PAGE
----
Philippines fires off protest vs China ships near Pag-asa
Photo taken in 2017 shows Chinese ships anchored near a reef as seen from Pag-asa Island. The Philippines has protested a fresh ‘swarming’ of Chinese vessels near Pag-asa (above), considered part of Palawan where Filipino civilians and Marines reside. Pag-asa is the country’s biggest and most strategically important outpost in the West Philippine Sea.

Philippines fires off protest vs China ships near Pag-asa

Pia Lee-Brago, Neil Servallos (The Philippine Star) - August 1, 2019 - 12:00am

MANILA, Philippines — As reports of more than a hundred Chinese ships swarming around Pag-asa island emerged, the Department of Foreign (DFA) “fired off” a diplomatic protest – the second since the sinking in June of a Filipino fishing boat by a Chinese trawler.

“Diplomatic protest fired off,” Foreign Affairs Secretary Teodoro Locsin Jr. tweeted yesterday.

Locsin’s announcement came after National Security Adviser Hermogenes Esperon Jr. proposed that the government protest China’s incursion in the waters around Pag-asa.

When asked if he was adopting Esperon’s recommendation to file a diplomatic protest, Locsin said he did so already.

“I did. I listen only to military intelligence; I distrust civilian sources of ‘misinformation.’ When it comes to national security, I am the thinking trigger; the finger is the commander-in-chief and the Armed Forces which are the protector of people & state,” Locsin said.

Last June, the Philippines filed a diplomatic protest against China over the ramming and sinking by a Chinese vessel of a Filipino fishing boat near Recto Bank and leaving the fishermen floundering at sea.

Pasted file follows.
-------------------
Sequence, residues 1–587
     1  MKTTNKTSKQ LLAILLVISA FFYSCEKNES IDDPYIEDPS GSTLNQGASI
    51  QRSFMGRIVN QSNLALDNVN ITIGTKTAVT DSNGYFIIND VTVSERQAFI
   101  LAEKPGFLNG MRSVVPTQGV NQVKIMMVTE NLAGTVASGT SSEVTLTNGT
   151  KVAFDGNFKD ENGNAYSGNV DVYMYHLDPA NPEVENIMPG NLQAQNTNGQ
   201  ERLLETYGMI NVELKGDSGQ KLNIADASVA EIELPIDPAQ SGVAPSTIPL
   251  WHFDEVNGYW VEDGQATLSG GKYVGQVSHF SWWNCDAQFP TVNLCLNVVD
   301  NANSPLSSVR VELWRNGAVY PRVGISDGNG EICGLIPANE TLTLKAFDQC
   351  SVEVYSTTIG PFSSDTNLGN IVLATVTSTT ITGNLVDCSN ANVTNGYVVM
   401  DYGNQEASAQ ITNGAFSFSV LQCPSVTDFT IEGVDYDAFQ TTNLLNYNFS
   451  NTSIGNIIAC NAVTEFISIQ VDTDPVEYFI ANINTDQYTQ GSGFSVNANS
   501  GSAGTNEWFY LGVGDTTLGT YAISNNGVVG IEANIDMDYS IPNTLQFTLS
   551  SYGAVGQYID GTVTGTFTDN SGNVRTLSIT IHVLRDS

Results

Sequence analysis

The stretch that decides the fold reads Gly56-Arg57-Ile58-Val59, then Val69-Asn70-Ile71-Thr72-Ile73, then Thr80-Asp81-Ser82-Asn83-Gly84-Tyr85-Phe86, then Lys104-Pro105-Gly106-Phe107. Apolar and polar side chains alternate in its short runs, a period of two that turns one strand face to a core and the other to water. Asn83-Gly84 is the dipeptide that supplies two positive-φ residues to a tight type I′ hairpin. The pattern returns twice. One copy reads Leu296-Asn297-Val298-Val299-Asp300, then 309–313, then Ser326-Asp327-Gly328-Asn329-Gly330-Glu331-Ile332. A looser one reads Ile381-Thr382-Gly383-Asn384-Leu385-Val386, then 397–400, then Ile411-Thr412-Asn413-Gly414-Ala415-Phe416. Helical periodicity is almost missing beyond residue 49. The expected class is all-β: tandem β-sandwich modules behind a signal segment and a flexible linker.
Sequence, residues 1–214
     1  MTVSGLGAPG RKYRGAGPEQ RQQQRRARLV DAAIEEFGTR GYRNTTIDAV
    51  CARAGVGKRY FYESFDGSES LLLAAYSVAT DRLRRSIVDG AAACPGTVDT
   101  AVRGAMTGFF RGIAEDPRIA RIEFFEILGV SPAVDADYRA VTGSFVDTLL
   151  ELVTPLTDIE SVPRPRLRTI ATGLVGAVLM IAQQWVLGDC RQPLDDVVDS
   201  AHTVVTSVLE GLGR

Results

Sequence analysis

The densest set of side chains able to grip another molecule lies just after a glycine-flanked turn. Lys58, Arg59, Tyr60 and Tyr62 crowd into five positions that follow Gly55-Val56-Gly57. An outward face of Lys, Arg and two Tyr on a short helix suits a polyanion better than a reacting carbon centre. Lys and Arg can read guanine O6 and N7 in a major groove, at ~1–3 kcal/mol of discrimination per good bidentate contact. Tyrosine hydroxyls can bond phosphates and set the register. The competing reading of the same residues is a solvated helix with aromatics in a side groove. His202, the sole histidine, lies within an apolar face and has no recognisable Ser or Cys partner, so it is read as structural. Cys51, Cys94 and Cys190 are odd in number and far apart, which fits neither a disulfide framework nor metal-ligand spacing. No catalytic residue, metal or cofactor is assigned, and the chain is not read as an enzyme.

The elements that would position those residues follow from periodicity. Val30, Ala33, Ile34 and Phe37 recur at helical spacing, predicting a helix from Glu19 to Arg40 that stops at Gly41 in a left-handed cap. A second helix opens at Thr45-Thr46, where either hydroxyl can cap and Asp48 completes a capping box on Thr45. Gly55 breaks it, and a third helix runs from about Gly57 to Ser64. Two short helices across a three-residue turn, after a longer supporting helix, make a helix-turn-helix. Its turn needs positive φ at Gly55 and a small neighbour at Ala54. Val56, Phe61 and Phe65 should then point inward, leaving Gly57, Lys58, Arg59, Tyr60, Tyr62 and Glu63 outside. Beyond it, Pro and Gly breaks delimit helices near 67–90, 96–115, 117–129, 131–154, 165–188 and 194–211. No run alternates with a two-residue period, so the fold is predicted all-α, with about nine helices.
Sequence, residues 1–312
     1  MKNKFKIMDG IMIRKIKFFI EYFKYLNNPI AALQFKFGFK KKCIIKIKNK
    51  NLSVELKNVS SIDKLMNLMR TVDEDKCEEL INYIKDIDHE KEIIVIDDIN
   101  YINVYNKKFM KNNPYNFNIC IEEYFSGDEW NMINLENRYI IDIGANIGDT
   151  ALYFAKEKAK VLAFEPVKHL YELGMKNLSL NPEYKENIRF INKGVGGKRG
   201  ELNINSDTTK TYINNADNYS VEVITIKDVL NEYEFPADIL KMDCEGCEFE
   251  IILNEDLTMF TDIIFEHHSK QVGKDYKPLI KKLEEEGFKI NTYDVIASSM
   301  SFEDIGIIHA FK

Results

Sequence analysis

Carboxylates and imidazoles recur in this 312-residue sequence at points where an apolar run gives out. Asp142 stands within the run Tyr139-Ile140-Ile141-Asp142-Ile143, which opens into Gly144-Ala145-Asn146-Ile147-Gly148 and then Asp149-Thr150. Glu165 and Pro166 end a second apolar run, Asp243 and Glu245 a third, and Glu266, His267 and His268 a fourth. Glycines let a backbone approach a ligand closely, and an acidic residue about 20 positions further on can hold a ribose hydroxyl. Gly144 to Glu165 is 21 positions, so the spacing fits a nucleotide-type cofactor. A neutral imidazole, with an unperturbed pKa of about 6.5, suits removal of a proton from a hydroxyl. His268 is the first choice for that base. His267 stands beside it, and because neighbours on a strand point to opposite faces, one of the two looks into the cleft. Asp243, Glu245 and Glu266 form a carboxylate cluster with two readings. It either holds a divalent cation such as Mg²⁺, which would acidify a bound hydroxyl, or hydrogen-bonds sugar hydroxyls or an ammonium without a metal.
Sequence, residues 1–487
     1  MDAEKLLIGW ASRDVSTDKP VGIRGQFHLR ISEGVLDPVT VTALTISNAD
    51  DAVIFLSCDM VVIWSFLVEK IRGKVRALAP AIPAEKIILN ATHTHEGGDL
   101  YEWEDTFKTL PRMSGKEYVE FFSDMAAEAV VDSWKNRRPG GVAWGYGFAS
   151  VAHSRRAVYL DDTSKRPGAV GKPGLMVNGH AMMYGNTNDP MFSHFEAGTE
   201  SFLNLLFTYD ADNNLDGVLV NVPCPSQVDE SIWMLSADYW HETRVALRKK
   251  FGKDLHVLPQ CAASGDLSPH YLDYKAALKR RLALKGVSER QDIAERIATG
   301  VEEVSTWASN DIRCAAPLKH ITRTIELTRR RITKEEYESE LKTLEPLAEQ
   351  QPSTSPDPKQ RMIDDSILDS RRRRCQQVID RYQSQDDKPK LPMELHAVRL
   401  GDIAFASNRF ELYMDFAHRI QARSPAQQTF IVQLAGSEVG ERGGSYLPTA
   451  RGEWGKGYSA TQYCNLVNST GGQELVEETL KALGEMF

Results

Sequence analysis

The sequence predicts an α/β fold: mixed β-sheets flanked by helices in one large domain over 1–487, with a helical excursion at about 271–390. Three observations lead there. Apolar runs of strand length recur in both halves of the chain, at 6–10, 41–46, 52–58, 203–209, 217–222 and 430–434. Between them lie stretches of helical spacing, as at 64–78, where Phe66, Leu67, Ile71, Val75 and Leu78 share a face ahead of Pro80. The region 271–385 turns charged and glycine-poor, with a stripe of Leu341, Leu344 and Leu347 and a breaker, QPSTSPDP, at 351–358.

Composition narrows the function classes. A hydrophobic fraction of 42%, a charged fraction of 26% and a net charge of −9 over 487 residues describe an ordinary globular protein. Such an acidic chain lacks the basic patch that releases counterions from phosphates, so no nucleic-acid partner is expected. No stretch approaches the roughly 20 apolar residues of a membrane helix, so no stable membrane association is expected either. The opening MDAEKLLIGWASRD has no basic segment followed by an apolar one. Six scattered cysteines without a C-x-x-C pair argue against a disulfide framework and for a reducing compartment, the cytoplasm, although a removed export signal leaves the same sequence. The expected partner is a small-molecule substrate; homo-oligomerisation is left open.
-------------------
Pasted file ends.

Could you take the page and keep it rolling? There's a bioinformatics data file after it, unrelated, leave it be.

At the weekly Kapihan sa Manila Bay news forum, Esperon said filing of a diplomatic protest is the right move.

“There are so many Chinese fishing vessels there. The newest… last July 24, 113 boats have been spotted and we are currently looking at it and I have recommended filing diplomatic action,” Esperon said.

Pag-asa Island, occupied by Filipino civilians and Marines, is the country’s biggest and most strategically important outpost in the West Philippine Sea.

Esperon, also chairman of the National Task Force on the West Philippine Sea, cited a recent report showing 113 Chinese fishing vessels swarming around Pag-asa (Thitu) Island last July 24 and 61 in February this year.

A digital map presented by the former military chief, however, showed that most of the fishing vessels seemed to have retreated from the vicinity the other day, with only three spotted. But this was because of bad weather, he said.

“They have another island they retreat to – Subi (Zamora) Reef,” he said, explaining the government was unsure of the Chinese motivation behind the incursion.

“We want to read the minds of the People’s Liberation Army but we may not be correct all the time. Suffice it to say that we are aware of that… That’s why we need to strengthen our position (in areas) we are in possession,” said Esperon, apparently alluding to the confusion over President Duterte’s statement during his State of the Nation Address that China was in possession of the West Philippine Sea.

Some officials, including Esperon, claimed that what the President really said was “in position.”

Zamora (Subi) Reef in the West Philippine Sea is one of the land features reclaimed and fortified by China. It is closest to, and much bigger than, Pag-asa Island, and has its own airstrip.

The upgrading of Pag-asa Island and the repair of its eroded runway commenced last year.